Whether you crave adventure, culture, or a serene retreat, Maui’s got you covered. Spot rare birds along a forested trail or find your own perch beneath the branches of Lāhainā’s nearly two-acre-wide banyan canopy. Pay pilgrimage to an ancient lava rock temple and a modern architectural wonder in the same day. Learn Hawaiian navigational constellations from your hotel rooftop or set sail aboard a luxurious sunset cruise.
One of the world’s most remote inhabited archipelagos, Hawaii hosts weird and wonderful endemic wildlife. To observe at least four species of curve-billed Hawaiian honeycreepers in their natural habitat, Laura Berthold, ornithological research technician with the Maui Forest Bird Recovery Project, recommends visiting Hosmer Grove in Haleakalā National Park. “There’s a short bird-loop trail there that overlooks some native trees like ʻōhiʻa. The campground area there often has blooming māmane, and the birds like those plants too.” To up your chances of spotting Maui’s rarest birds—the kiwikiu and the ʻakohekohe—join the Nature Conservancy’s twice-monthly guided forest hikes through the nearly 9,000-acre Waikamoi Preserve.
Two miles off the coast of Wailea, Molokini’s caldera arc, visible above the sea, serves as a sanctuary for seabird species like Bulwer’s petrels and wedge-tailed shearwaters. Take a snorkel or scuba diving charter to explore the protected cove inside the sunken crater and find yellow tang, Hawaiian boxfish, and the state fish: humuhumunukunukuāpuaʻa (or reef triggerfish to you and me). Facing the sea, the outer slopes attract larger creatures, including white-tip and gray reef sharks.
Enjoying a designation older than Hawaii’s statehood, Haleakalā National Park celebrated its centennial in 2016. Explore the more than 30 miles of trails that snake the moonlike summit crater to find the world’s only clusters of Haleakalā silverswords—the spiky plants live up to 90 years but only bloom once. Thrill seekers can join an adventure tour to zoom down the mountain’s steep slopes on a bike. The park’s greener Kīpahulu Region boasts towering cascades, including 400-foot Waimoku Falls.
Pi’ilanihale Heiau looms large inside a tropical botanical park in Hana. Built in stages beginning in the 13th century, it’s the largest of the early Hawaiian temple sites on Maui and one of the best preserved in all of Hawaii. The heiau once served as a ceremonial space for the ali’i (chiefs) to worship the gods Lono, Kane, Kanaloa, and Ku, but today the series of lava rock platforms and terraces lack the grass and wood huts that likely blanketed the 341-foot-by-415-foot structure.
On the northern edge of the Kāʻanapali beachfront strip, an ancient lava flow forms a small cliff above the sand. It’s said that early Hawaiians used this site as a portal to the spirit world, leaping from this life to meet their ancestors. Now Pu'u Keka'a, more commonly called Black Rock, is a popular cliff-jumping site; the adjacent Sheraton Maui Resort and Spa hosts nightly sunset torch lighting and jumping ceremonies.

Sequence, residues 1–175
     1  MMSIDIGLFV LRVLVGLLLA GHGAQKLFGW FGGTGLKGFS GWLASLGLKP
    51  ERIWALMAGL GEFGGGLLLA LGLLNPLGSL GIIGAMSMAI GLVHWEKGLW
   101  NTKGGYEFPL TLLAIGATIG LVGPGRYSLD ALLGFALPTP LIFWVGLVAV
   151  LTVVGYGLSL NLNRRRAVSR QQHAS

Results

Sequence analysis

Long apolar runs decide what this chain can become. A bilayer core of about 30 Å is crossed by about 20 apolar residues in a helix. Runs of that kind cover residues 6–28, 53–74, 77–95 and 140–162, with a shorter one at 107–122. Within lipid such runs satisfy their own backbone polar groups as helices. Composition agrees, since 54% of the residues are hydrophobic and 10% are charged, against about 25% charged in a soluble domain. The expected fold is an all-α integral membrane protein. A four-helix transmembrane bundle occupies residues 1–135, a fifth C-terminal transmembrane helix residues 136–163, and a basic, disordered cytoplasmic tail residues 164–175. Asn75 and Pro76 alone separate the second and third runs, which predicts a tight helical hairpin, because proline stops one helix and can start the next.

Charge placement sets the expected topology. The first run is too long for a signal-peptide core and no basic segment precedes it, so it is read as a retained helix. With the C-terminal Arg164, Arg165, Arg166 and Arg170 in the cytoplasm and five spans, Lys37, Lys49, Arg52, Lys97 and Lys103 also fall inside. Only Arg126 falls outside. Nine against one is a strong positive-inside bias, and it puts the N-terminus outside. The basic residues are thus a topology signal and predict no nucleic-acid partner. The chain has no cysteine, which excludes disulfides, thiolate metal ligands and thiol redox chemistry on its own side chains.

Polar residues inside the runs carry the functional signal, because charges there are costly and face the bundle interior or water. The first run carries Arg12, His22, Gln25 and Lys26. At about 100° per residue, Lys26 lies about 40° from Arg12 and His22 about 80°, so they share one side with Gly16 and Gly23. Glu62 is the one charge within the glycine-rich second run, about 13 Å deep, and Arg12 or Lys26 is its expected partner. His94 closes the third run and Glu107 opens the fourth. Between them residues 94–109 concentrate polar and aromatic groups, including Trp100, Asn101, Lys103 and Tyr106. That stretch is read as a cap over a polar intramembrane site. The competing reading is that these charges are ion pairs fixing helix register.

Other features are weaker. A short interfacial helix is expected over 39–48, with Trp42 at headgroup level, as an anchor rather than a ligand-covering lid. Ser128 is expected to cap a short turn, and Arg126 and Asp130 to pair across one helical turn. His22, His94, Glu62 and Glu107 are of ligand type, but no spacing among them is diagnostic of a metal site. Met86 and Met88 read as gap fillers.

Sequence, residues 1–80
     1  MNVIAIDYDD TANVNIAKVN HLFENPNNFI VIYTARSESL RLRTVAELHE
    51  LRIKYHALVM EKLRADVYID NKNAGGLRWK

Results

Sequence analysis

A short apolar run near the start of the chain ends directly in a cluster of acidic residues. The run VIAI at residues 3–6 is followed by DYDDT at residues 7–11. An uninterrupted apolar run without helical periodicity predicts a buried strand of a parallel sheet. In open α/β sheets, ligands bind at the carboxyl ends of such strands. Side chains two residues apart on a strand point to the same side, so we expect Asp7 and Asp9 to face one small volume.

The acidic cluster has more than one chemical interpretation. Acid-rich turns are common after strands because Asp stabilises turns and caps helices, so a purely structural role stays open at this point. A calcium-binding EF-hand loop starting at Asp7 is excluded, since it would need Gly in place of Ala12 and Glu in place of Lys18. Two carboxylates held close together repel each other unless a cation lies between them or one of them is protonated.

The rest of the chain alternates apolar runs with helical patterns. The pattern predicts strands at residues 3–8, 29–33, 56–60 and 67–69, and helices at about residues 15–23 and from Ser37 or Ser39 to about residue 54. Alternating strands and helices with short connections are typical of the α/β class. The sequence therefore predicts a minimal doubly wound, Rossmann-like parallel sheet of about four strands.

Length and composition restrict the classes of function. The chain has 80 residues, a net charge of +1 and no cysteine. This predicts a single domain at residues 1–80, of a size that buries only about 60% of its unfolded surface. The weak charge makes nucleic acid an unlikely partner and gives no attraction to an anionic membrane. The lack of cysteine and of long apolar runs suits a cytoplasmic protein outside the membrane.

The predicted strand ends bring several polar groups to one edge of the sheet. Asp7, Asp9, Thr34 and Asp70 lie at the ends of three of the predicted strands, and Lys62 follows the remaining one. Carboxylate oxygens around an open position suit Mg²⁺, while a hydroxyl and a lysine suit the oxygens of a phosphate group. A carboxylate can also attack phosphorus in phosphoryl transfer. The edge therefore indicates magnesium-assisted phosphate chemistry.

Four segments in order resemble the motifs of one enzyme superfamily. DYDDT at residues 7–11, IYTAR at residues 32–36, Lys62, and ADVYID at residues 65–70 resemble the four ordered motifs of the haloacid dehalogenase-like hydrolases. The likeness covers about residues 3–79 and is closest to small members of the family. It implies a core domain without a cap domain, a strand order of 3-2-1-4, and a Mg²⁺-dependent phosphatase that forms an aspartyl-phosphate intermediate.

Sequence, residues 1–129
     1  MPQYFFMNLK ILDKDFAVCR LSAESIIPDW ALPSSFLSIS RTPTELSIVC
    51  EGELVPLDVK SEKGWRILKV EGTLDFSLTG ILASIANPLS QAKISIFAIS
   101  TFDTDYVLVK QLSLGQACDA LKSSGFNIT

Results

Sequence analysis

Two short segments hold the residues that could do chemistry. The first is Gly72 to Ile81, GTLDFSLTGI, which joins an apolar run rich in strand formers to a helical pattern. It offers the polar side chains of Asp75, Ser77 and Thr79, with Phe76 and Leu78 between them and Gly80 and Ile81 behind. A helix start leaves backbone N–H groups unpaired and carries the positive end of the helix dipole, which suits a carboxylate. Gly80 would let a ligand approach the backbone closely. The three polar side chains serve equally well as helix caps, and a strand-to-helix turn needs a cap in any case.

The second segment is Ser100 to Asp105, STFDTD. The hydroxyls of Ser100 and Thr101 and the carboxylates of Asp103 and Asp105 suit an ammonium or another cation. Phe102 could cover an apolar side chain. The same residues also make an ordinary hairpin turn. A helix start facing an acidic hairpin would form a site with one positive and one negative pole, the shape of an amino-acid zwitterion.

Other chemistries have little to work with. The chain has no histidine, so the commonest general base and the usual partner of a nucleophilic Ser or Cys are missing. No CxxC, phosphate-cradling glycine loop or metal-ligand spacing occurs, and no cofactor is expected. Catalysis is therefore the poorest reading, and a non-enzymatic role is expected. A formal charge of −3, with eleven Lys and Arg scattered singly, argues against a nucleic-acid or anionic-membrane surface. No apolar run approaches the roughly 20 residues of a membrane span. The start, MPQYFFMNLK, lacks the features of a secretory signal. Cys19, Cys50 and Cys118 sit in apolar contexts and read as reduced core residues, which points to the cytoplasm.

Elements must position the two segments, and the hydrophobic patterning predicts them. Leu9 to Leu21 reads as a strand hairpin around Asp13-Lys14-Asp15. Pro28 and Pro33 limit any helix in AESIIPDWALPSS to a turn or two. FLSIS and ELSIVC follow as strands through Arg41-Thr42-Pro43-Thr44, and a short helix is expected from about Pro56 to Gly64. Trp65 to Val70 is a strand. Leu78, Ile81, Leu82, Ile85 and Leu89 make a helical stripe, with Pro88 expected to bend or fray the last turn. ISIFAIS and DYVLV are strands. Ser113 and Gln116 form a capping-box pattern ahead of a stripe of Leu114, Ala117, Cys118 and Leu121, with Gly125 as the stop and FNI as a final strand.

Snag an empty bench in Lāhainā’s Banyan Tree Park and watch the bustle of this charming former whaling city turned tourist town from beneath the branches. The behemoth tree stretches 60 vertical feet and encompasses an area a quarter-mile wide. A beloved gathering place, it’s often the spot for hula performances and artisans selling locally made wares. Each April the tree’s 1873 planting is honored with cake and bands during a two-day-long birthday bash.
Even if you don’t know birdies from bogies, the King Kamehameha Golf Club is worth visiting. The course’s curvaceous, pink clubhouse was designed by Frank Lloyd Wright. Head inside for sweeping bicoastal views and Hawaiian art, including an original Herb Kawainui Kāne mural and a depiction of Maui’s chiefly lineage spanning 11 kapa (bark cloth) panels.
Off the Beaten Path
Away from the beaches in the rolling, higher elevation Haleakalā foothills, upcountry Maui is the island’s agricultural heart. Explore modern and trendy boutiques housed in the frontier-style saloon buildings along Baldwin Avenue, then visit the Makawao History Museum on the northern edge of the strip. There, wagon parts used in pulling pineapple loads, branding irons, saddles, and handwritten letters detail the region’s paniolo (Hawaiian cowboy) and ranching heritage. Couple a visit with a hike through an unexpected pine forest at nearby Waihou Spring Forest Reserve.
Some of the island’s most authentic hula and Polynesian fare—including perfectly steam-roasted pua'a kalua (pork)—are on display nightly at the seaside Old Lāhainā Luau. On clear nights, the ninth-floor rooftop of the Hyatt Regency Maui Resort hosts telescope-assisted tours of traditional Hawaiian voyaging constellations with the hotel’s staff astronomer. For a cultural experience of a different sort, head to Little Beach near Makena on Sundays at sunset to join hippies and fire dancers for a seaside bongo drumming session (clothing is optional).
Neighborhood to Explore
Head to either side of Kahului, the island’s main hub, for only-in-Maui experiences. Follow Main Street west through Wailuku to the lush gorge of ‘Iao Valley State Monument. There, spindly Kuka 'emoku (the 'Iao Needle) juts 1,200 feet above the 'Iao Stream. Follow hiking trails past a botanical garden into a spiritually significant valley to the site where Kamehameha I conquered the Maui army in 1790. To the east, the former sugar plantation town of Pāʻia is now a windsurfing hot spot where barefoot locals bearing surfboards navigate its garden cafés and yoga studios.